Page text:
"For the casual observer, Crimestat is simply a website that displays crime statistics and crime maps. For police, it’s significance is far greater. Crimestat is a management and accountability strategy that directs police commanders to concentrate on emerging crime issues and trends in the area under their command. It forces them to track criminal activity in their area, identify emerging crime trends, develop effective tactics, and deploy resources quickly to deal with emerging trends in their early stages before they develop into a full blown crime spree. Lastly, there is follow-up and assessment by the executive. This is the accountability feature of the process that ensures everyone (commanders in particular) have their eyes ‘focused on the ball’, the ball being crime prevention and crime reduction."

The Winnipeg police service has not been using Crimestat to its fullest, but McCaskill has seen the light, belatedly. He plans on hiring and training crime analysts to
"Implement Intelligence led, Evidence-based, Predictive Policing Models."
The report contains a section headlined Innovation and Technology in which McCaskill writes:
"Advances in technology can be employed for a variety of uses, including analysis of breath samples taken from impaired drivers, and retrieval of real-time information on criminals and their activities. The Service is planning and budgeting to stay on top of the latest technological trends affecting numerous facets, including disclosure and how we conduct investigations. Staying current is not easy, and often very expensive."
Blah, blah, blah.

What's missing? Any mention of SECURITY CAMERAS in high crime areas.

Apparently that technology hasn't made its way into the police brains yet. Maybe that's why they're setting another crime record in Winnipeg--- for the most unsolved homicides in a single year.
The McCaskill report also raises a few issues that presage much butting of heads in the future.
Let's start with the most contentious.
* The Service will introduce education-based discipline as an alternative to traditional punitive discipline. (Page 30)
This is much like the policy of the Winnipeg Regional Health Authority when dealing with doctors. They now encourage doctors to come forward without fear of discipline or prosecution whenever there's a serious incident, including a death. The idea is to find out what went wrong and correct the mistake in future without destroying the reputation of the highly-trained doctor. It both protects the morale of the institution and improves service, although its done behind closed doors.
As for applying the same principle to police --- hoo boy. Is this going to raise a ruckus. Already there are elements of the community (read Marxist sociology professors and their ilk) who accuse the police of widespread coverups of police wrongdoing. The existing LERA process is condemned as not working due to the paucity of successful complaints. Oh, and the NDP government is trying as hard as it can to send a policeman to prison, any police officer will do, to send a message to their social worker constituency that they agree that police are the bad guys and criminals are poor victims of society.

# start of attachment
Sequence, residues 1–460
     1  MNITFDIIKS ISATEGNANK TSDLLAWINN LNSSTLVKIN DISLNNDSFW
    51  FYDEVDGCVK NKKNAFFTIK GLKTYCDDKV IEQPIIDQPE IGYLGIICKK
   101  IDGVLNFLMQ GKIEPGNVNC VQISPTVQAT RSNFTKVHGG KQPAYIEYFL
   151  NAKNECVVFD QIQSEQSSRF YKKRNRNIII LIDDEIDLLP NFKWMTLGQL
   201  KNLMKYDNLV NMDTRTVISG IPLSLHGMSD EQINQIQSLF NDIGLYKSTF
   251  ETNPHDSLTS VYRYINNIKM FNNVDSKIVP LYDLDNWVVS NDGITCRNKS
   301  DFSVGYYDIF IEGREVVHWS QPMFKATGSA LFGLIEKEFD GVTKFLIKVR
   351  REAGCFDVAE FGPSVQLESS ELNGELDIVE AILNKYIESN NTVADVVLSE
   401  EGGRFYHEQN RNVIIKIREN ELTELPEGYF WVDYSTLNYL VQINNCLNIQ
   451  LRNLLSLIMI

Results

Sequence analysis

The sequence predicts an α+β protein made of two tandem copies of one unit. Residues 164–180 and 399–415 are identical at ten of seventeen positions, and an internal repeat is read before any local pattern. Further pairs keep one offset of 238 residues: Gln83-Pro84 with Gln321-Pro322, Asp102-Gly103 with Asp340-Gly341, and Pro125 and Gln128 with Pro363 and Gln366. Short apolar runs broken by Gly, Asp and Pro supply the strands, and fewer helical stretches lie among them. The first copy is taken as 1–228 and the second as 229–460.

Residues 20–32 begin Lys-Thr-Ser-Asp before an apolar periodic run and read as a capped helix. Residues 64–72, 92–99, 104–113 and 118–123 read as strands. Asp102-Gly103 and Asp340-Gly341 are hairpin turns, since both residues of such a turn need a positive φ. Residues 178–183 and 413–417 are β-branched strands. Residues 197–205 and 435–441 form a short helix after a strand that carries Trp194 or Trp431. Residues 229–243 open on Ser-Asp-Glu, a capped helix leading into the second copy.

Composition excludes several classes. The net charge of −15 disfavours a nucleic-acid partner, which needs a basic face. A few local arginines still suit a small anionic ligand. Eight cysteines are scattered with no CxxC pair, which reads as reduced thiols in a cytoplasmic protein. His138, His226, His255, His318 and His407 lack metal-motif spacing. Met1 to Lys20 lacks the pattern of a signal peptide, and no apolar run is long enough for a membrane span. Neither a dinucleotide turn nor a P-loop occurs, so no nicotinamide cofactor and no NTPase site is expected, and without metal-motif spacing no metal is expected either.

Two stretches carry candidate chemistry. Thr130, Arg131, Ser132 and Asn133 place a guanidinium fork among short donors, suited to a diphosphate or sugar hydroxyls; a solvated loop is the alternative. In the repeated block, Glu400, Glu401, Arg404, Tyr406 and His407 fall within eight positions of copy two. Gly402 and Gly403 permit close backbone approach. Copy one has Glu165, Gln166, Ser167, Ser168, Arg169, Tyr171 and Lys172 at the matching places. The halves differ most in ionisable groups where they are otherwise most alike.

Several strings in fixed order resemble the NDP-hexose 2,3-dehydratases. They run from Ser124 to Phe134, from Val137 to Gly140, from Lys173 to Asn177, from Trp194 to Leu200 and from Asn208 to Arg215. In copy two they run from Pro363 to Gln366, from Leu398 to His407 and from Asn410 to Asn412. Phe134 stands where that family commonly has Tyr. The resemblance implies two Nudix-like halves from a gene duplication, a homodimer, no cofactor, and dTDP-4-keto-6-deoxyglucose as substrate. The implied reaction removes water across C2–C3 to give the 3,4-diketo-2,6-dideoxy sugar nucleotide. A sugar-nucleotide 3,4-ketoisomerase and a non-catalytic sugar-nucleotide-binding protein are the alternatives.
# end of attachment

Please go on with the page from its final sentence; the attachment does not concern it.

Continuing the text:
And now even fewer police will be punished? Watch the fireworks fly.
* Under the heading Develop Crime Prevention Partnership Program, the report suggests the police will:
"Work with partners to address problems in multi-unit residences."
So far, so good. But then, further in, they elaborate on the partnership.
Strategy:
The Crime Free Multi-housing program will give apartment owners and managers the power to evict or deny residency to those residents who partake in criminal or nuisance activities.
Oh yeah? You think so? Provincial authorities might have a different view of the rights of tenants to stay.

And the homelessness initiative that the NDP backs strongly is based on inserting troublesome transients into housing that would otherwise be troublefree.
Good luck bucking that pressure group, even in the name of public safety. The NDP was willing to see people killed and maimed by car thieves every year rather than risk angering the aboriginal lobby by taking the (mostly aboriginal) juveniles into custody for their own safety if nothing else.
And lastly, there's the elephant in the room.

* McCaskill outlines a model built on accountability. He even names the senior officers who will be held responsible for achieving the goals of the strategic plan.
"The principle of authority and accountability is one of the most
important concepts necessary to ensure everyone within the
organization understands what decisions they can make, and what
direction they can give. Without clearly defined levels of authority,
members and supervisors can become unsure of what they can or
cannot do.Working in an environment such as this causes
paralysis in decision-making and a lack of confidence. Additionally, it
opens the process up for excessive discussion, compromise and
momentum loss. Recognizing that authority must be clearly stated and delegated, accountability is the control mechanism that is designed to prevent insufficient decisionmaking and/or abuse of authority."
Currently ,the Chief of Police reports to the Chief Administration Officer of the City of Winnipeg, writes McCaskill. But in the wings is a new creation of the provincial government---the Police Services Act which threatens to muddle the lines of authority and accountability and undo elements of the plan.
"The Act defines provisions relating to how the Chief of Police will report to a Police Board, how investigations involving police conduct will be handled, and other issues associated with training and equipment."
"... A number of regulations are currently being developed and may have a substantial impact on how policing is done in Manitoba."
McCaskill is too much of a team player to criticize the provincial government, so instead he throws out a red flag so he can say later, 'well, I warned you there might be trouble.'
The police board, already stuffed with people antagonistic to the force, will be an alternate line of authority and accountability and the public will suffer for it.

The good, the bad and the ugly of McCaskill's strategic plan. You decide which is which.